Friday, October 14, 2016

What's for Brexit This Morning?

Meanwhile, the chickens are coming home to roost in the UK.

PM Theresa May's regime settled any doubts about its claimed non-ideological "technical" handling of Brexit by interpreting it as mainly a vote to limit immigration.  They did this by demanding that the UK's employers publish the proportion of their foreign workers, to aid in their goal of drastically reducing them.  It met with a storm of dismay.

This and other evidence that May would push a major separation (or "hard Brexit") from the European market, led to a "flash crash" of Brit currency, which hasn't yet recovered.  As feared, some US banks confirm they'll be moving out of the UK and into Europe once Brexit takes place.  London had been a capital of capital for the EU, but that's history.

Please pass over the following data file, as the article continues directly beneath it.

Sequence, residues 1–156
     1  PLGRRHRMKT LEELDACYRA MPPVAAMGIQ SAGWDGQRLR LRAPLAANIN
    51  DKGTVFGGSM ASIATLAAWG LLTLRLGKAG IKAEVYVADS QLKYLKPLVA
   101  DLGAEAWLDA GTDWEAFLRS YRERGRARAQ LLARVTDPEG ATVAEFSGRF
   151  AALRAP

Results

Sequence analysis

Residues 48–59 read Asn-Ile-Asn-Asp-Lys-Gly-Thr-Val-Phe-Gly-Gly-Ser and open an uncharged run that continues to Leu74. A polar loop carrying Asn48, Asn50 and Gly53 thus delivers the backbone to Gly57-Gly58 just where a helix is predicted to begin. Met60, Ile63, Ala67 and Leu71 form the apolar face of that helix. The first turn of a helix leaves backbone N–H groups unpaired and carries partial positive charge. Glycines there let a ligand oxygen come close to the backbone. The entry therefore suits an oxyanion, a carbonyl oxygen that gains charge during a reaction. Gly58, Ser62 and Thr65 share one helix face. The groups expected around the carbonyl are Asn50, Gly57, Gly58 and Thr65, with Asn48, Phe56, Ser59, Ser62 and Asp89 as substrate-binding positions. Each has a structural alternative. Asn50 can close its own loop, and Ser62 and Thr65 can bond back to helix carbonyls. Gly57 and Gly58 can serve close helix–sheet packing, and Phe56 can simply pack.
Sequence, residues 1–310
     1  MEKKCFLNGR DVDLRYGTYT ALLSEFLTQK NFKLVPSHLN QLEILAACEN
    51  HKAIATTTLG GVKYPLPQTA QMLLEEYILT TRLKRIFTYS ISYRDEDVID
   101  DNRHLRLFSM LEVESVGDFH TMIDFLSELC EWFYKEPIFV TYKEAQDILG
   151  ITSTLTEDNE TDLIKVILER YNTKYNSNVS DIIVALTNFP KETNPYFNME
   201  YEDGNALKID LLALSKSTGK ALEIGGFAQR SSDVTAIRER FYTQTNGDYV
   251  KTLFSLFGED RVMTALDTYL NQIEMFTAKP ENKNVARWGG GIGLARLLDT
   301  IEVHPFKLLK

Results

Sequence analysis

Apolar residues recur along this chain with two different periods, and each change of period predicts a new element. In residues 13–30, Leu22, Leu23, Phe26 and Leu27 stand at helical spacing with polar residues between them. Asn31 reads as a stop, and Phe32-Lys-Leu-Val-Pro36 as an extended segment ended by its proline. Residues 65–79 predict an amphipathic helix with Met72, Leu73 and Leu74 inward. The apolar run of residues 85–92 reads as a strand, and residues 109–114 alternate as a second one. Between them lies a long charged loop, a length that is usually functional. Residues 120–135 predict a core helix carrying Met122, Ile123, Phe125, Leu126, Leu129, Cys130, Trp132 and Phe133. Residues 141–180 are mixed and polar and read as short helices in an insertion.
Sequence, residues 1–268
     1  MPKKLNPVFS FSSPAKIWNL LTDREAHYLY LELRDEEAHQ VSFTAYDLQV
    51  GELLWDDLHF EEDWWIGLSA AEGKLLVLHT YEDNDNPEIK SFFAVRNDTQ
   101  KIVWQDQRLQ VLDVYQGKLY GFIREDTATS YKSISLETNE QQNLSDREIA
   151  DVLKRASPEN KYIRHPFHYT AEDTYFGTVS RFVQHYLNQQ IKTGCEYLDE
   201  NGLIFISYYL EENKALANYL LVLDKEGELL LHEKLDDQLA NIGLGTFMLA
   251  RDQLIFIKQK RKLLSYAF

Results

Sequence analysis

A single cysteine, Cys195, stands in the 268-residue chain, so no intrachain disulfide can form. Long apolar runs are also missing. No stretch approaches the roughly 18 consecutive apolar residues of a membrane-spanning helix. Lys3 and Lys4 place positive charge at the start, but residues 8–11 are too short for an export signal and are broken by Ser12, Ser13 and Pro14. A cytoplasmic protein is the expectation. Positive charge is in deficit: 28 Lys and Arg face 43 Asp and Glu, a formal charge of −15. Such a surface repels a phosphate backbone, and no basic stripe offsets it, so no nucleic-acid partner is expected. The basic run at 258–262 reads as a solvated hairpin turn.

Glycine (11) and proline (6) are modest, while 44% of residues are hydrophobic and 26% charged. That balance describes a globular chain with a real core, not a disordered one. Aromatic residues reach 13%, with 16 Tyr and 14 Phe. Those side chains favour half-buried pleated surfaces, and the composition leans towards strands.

The republic of Ireland maintains its membership in the EU, and not coincidentally, applications within the UK for Irish passports and citizenship have skyrocketed.

May's handling of Brexit was criticized by members of her own party, who called it "tyranny."  To gauge the seriousness of all this, here's the opening graph of a Guardian article:

Amid death threats and intensifying political disagreement, three of the most senior judges in England and Wales will hear claims that the government cannot trigger Brexit without parliamentary approval.

But the European Union is itself taking a hard line: "The only alternative to a hard Brexit is no Brexit."

Meanwhile, the process has officially begun that may lead to another referendum in Scotland to leave the UK.  Smart money would be on: as fast as possible.

On the bright side, observing all this UK chaos, remaining member states are feeling that the European Union is a pretty good deal after all.

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